This topic applies to ArcEditor and ArcInfo only.
The three types of geodatabase replication are: check out/check in, one way, and two way.
For all types, data from an ArcSDE geodatabase must be used as the source for replica creation. All types are also supported in either connected or disconnected environments. The following describes each of these types:
Checkout/Check-in replication allows you to edit the data in the child replica and synchronize these edits with the parent replica.
Once the data has been synchronized, you can no longer synchronize additional edits. If additional edits are required, you must create a new checkout replica. When creating checkout replicas, the destination can be either an ArcSDE, file, or personal geodatabase.
Disconnected editing, which was first available in ArcGIS 8.3, is now part of geodatabase replication and is equivalent to checkout/check-in replication. The disconnected editing tools that were available in ArcGIS Desktop have been removed and are now part of the distributed geodatabases framework. The disconnected editing geoprocessing tools, however, are still available for backward compatibility.
One-way replication allows data changes to be sent multiple times in a single direction, either from parent to child or from child to parent.
In one-way, parent-to-child replication, the data in the parent replica is editable, but the data in the child is considered read-only. If edits are performed on the data in the child replica data, the edits are overwritten if they conflict with edits applied during synchronization.
When creating a one-way, parent-to-child replica, the destination can be an ArcSDE, file, or personal geodatabase.
One-way, child-to-parent replication works in a similar manner, but in the opposite direction. Here the data in the child replica is editable, but the data in the parent is considered read-only. If edits are performed on the data in the parent replica, the edits are overwritten if they conflict with edits applied during synchronization.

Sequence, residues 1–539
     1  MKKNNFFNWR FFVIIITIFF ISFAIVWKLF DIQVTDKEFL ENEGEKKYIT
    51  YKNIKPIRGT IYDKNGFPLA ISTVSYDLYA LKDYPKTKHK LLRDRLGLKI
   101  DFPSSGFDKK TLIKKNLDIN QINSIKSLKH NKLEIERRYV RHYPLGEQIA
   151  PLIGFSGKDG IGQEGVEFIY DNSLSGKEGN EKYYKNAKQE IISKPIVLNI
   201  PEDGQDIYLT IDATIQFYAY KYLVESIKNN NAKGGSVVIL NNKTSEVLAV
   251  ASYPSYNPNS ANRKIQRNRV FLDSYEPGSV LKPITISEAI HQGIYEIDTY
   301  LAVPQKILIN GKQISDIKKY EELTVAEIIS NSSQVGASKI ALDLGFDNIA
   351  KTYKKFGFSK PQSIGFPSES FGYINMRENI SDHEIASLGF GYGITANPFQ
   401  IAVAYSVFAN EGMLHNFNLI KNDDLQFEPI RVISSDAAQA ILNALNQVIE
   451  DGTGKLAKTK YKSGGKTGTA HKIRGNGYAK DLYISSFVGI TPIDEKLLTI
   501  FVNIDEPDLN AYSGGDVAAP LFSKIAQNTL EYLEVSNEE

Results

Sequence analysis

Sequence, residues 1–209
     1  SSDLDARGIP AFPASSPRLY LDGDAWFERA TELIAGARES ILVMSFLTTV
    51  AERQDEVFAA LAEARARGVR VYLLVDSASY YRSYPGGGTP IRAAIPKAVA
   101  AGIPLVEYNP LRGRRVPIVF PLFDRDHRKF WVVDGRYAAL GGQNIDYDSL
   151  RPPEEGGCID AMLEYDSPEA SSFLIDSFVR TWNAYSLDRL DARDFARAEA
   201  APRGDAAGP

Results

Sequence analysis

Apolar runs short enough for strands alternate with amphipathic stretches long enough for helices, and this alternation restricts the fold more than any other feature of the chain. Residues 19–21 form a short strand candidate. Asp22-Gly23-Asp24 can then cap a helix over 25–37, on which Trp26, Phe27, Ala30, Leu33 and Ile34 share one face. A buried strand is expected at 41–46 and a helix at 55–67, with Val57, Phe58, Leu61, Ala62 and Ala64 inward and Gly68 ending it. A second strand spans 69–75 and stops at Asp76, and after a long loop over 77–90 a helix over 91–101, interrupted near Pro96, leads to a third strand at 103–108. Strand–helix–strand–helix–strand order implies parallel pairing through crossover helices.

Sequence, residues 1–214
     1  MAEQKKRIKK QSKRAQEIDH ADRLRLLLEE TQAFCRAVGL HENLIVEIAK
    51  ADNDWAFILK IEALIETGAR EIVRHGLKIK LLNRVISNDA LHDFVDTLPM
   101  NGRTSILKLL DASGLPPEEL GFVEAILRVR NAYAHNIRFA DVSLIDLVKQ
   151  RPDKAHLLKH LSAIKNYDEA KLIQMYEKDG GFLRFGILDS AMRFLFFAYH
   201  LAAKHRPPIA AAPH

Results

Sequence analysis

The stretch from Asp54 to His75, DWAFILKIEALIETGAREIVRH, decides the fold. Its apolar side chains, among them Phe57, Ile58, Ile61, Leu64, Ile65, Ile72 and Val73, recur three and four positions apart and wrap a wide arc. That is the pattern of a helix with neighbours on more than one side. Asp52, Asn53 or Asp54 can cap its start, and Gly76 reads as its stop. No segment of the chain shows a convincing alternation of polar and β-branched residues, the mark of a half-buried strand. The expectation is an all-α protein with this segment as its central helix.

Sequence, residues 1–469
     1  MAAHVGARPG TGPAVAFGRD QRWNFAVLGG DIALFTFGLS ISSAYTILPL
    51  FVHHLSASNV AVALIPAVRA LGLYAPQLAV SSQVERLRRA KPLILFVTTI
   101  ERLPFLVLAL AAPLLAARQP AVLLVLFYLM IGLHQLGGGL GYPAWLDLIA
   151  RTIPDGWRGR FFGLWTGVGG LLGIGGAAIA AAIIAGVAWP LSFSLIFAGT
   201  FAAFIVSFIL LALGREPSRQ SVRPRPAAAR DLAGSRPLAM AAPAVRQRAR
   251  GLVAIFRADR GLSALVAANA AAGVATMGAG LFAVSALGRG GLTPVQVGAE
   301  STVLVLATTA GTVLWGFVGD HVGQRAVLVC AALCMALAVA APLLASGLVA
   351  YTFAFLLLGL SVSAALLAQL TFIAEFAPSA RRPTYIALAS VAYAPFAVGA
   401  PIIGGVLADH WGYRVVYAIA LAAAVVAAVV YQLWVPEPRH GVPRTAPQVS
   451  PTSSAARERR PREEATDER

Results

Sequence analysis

When creating a one-way, child-to-parent replica, both child and parent replicas must be hosted in an ArcSDE geodatabase.
One-way replicas persist after synchronization, allowing you to continue sending data changes.
Two-way replication allows data changes to be sent multiple times from the parent replica to the child replica or from the child replica to the parent replica. If the same row is edited in both replica geodatabases, it is detected as a conflict when the replicas are synchronized. Reconcile policies are provided to define how conflicts are processed.
Two-way replicas continue to exist after synchronization, allowing you to continue editing and synchronizing the replicas. When creating two-way replicas, the destination must be an ArcSDE geodatabase.
Choosing a replica type
When deciding which replica type to use, consider the following:
- If you require the ability to create replicas in personal or file geodatabases, you must use either checkout/check-in or one-way replication. However, if you are using an ArcEditor license to edit the child replica's data, consider using personal ArcSDE as the target geodatabase. Using personal ArcSDE instead of your personal or file geodatabases allows you to create two-way replicas. With two-way replication, you can synchronize multiple times without have to re-create the replicas.
- One-way replication is ideal for cases where you want to publish changes from your production server to your publication server. One-way replication enforces unidirectional synchronization and doesn't require the child replica's data to be versioned if using the simple model. With a simple model, the fact that the types are simple makes the data more interoperable since it doesn't have to conform to complex ESRI data structures.
- If implementing a one-way system where you sometimes need to edit the child replica's data, consider using two-way replication. Since one-way replication assumes that the data is read-only on the child, a synchronization might overwrite edits to the child replica's data. The conflict detection logic of two-way replication flags these differences as conflicts, allowing you to decide how to handle the differences. Two-way replication allows data exchange in both directions but also works in cases where you only send changes in one direction.